The empirical limitations of classical realism’s focus on balances of power are well understood. The theory goes that states balance against other threats simply based on the arithmetic of military hardware, which leads to all sorts of nasty arms races and security dilemmas. Of course, empirically we see examples of states – particularly smaller states – not balancing against states with massive military power. The United States’ situation following the second World War, during the Cold War, and during its famous “unipolar moment” in the 1990s demonstrates as much. NATO and major non-NATO allies of the US could have easily perceived the American war machine coming out of World War II as a threat worth balancing against but instead they chose to side with the United States.
The explanation for this is simple and has been known since the late 1980s. States tend to balance against threats, not mere power. Stephen M. Walt first explained the phenomenon in an International Security article in 1985 and since then threat-based analysis has become somewhat of a mainstay among contemporary realists and Western foreign policy elites. Understanding how perceived threats shape foreign policy is invaluable for foreign policy makers. The entirety of Cold War strategic missile defense and proxy-state acquisition was based around the notion of maintaining a favorable game-state on the global chessboard based on the mutual threat perceptions between the United States and the Soviet Union. Ideology mattered to an extent in framing the distrust, but what really mattered in the creation of foreign policy was the notion of a monolithic external threat.
In the Asia-Pacific today, viewing international affairs and emerging alliances through this lens is particularly useful. The rise of China has prompted a scramble along the Asian rimland to balance against what is perceived to be a threat to the established territorial status quo and national interests. China maxes out almost all of the criteria that states generally use to evaluate an external threat: geographical proximity, overall strength, offensive capabilities, and offensive intentions. China’s sheer size and position at the heart of the Asian landmass make its affairs and intentions the interest of all those who surround it. Its population, economy, and growth render it demographically and economically significant – its neighbors trade with it extensively. Offensive capabilities and intentions, while a little more blurred in the past, as recently as the Hu-Wen era, are now clearer. The PLA’s bid to modernize its navy and air force, invest in anti-access/area denial technologies, and build aircraft carriers coupled with declarations such as the East China Sea Air Defense Identification Zone send a troubling message across the region.
It appears that the latest generation of the Chinese Communist Party’s leadership is content to continue with a sort of Chinese foreign policy that will inexorably lead to distrust and external balancing among China’s neighbors. Chinese diplomats will give lip service to signing “treaties of good-neighborliness and friendly cooperation” between China and ASEAN but diplomacy can’t be decoupled from the broader threat environment.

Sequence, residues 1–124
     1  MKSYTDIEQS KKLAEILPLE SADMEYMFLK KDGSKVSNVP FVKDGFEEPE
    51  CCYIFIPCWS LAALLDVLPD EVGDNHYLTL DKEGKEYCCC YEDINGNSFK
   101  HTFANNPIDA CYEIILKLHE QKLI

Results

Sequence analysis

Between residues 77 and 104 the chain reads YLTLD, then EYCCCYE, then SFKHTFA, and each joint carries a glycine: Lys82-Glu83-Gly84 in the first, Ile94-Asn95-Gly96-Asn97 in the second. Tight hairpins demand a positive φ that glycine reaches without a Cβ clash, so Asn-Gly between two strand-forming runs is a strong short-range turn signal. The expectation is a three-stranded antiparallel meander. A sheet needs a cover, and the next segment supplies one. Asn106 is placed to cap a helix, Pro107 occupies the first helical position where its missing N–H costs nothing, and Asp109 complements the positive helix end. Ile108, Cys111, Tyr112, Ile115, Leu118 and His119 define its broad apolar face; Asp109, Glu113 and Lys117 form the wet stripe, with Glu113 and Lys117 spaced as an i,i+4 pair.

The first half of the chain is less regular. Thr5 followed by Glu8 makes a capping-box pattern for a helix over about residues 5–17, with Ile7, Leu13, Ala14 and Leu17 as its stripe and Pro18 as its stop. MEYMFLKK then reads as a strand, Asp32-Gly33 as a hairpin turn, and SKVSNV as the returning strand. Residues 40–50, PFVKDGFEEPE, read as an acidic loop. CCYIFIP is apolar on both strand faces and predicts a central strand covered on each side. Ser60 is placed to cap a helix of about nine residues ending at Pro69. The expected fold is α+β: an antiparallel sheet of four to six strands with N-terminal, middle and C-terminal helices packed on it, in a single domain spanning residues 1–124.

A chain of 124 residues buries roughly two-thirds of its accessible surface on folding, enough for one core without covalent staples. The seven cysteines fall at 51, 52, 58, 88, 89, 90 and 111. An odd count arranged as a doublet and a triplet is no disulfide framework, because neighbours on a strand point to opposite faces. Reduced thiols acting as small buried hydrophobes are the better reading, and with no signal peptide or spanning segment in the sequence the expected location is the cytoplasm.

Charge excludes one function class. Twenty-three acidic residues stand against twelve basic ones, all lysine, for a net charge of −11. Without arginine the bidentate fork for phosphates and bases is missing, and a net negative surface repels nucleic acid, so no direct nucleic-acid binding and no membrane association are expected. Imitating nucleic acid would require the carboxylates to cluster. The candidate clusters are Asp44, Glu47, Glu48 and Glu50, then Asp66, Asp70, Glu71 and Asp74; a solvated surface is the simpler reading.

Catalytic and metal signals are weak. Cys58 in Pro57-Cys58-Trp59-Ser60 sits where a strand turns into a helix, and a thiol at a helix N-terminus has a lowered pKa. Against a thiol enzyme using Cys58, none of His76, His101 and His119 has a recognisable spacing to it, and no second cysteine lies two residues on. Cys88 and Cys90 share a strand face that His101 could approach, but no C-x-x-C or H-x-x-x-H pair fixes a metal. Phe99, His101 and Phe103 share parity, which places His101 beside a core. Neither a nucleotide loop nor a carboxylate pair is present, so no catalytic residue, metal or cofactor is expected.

So what can Chinese leaders do to fix China’s image in the region? Ultimately, it is detrimental for China to be surrounded by neighbors who are are deeply skeptical of its intentions. Until now, the Chinese strategy has been to use its massive economic heft to underscore why conflict would be a mutually undesirable proposition. While this has somewhat worked, it won’t be tenable in the long-term given that external partners will begin to substitute their economic reliance on China to allow for greater maneuverability in their foreign policy with Beijing. That Japan concluded a deal with India on rare-earth metals in 2012 after China halted rare-earth exports to Japan a few years earlier is no coincidence.
China could have followed the United States’ example. While the United States had the power to unilaterally revise the world order any way it wanted following the second World War, it did so in a way that was perceived as fair and reasonable, at least by the economically dominant powers at the time. The analog for China today would be to better incorporate international law and norms into its relations with its neighbors. Unfortunately, phenomena like the East China Sea ADIZ, Hainan province’s fishing rules, and a preference for bilateralism over multilateralism in resolving disputes indicate a move in the opposite direction.
It is likely that China will continue to be perceived as a threat by most of its neighbors, at least for the duration of the current generation of the CCP’s leadership. Realist explanations of world politics often read states as black boxes, taking inputs and producing outputs, but ignoring the CCP’s interest in maintaining domestic legitimacy while discussing Chinese foreign policy would be a major oversight. The CCP’s domestic considerations partly help explain why historical pain, nationalist motivations, and the abrasive pursuit of territorial claims persist even though they continue to render China’s neighbors ever-more hostile.